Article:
Posted in Reading Habits

Reading Habits: Cathy Scott


Cathy Scott, Professor of Political Science, is an incredibly witty individual who always seems amused by the world around her. She has a great library of books in her office that are primarily focused on political theory and is the author of a book titled Gender and Development: Rethinking Modernization and Dependency Theory (Women & Change in the Developing World).  Her more recent work addresses the role of U.S. foreign policy and the construction of terrorism after 9/11. She also examines media depictions of the Iran hostage crisis of the late 70s/early 80s.  With weighty topics like these consuming her mind we suspected that she may enjoy escaping into the world of fiction occasionally.   Here is how Cathy Scott responded to our Reading Habits questionnaire:

Do you enjoy reading?  How would you describe yourself as a reader?

I love to read. I think of myself as a someone who finds intellectual excitement and challenge through reading. Reading also tends to calm me down.

What kind of books do you read for pleasure/entertainment?

I am pretty eclectic in my tastes. I tend toward mysteries and new/young writers who have made a splash, or more mature ones who have written something that gets rave reviews. I tend to rely on the NYT bestseller list, the New York Times Book Review, The Nation, The New Yorker, and The New Republic to help me decide on what to read.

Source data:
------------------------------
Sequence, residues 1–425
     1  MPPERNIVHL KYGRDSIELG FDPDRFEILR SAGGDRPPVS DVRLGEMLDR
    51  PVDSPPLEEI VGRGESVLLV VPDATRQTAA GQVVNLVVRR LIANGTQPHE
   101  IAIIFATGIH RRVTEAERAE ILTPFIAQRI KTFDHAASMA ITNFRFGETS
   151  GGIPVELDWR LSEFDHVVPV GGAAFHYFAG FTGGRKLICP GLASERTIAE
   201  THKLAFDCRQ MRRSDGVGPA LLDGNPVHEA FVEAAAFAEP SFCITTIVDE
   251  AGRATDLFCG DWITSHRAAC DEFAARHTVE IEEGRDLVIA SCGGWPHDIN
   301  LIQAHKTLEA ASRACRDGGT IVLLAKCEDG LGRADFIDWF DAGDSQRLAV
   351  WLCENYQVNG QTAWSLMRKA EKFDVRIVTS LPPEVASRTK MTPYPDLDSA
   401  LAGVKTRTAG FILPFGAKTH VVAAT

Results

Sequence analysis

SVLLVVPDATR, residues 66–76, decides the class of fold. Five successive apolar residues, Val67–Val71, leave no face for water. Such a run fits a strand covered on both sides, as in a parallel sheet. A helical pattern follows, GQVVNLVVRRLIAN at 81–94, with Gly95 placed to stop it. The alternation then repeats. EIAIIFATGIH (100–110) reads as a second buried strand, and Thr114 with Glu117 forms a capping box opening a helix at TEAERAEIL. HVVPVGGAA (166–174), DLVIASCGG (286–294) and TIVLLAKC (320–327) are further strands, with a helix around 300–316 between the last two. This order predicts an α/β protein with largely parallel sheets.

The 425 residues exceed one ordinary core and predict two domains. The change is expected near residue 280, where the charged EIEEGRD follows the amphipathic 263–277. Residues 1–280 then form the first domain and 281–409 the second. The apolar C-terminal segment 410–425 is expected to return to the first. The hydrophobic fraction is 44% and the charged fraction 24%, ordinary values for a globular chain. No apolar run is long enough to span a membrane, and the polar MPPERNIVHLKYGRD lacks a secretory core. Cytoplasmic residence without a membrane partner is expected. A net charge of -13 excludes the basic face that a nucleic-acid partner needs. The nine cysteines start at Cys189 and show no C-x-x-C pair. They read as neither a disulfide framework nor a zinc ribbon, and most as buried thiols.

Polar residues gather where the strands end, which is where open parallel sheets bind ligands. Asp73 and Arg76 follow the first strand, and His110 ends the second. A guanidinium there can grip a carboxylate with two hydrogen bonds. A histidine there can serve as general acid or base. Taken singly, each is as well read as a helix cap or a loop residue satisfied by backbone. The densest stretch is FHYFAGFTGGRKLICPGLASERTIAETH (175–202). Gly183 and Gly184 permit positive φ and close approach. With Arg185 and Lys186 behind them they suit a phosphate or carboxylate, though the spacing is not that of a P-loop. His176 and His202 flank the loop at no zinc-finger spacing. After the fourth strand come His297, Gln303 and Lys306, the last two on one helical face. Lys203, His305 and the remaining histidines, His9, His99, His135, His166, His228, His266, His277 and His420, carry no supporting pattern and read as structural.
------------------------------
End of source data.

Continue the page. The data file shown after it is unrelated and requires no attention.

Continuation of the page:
Have you read anything recently that you would recommend?  Who do you think would like it?

The first two books in the Stieg Larsson (“Girl Who…”) trilogy were great.  Mr. Peanut by Adam Ross is crazy fun.  I am just getting around to Anne Patchett. I read Bel Canto this summer and found it interesting.

Do you have any memorable stories about reading that you can share?  For instance, was there a book that changed the way you read or did you struggle with reading as a child.

I used to read Dr. Suess books aloud and one of them was about bees buzzing. I buzzed so much that my parents had to ask me to stop. I remember being puzzled about why they would find 150 recitations of a Dr. Suess book annoying.

Where do you get your books from?  Bookstore, public library, Agnes Scott Library, download to an eReader, etc.

Some from the public library; online orders from Barnes and Noble; friends pass books along to me.

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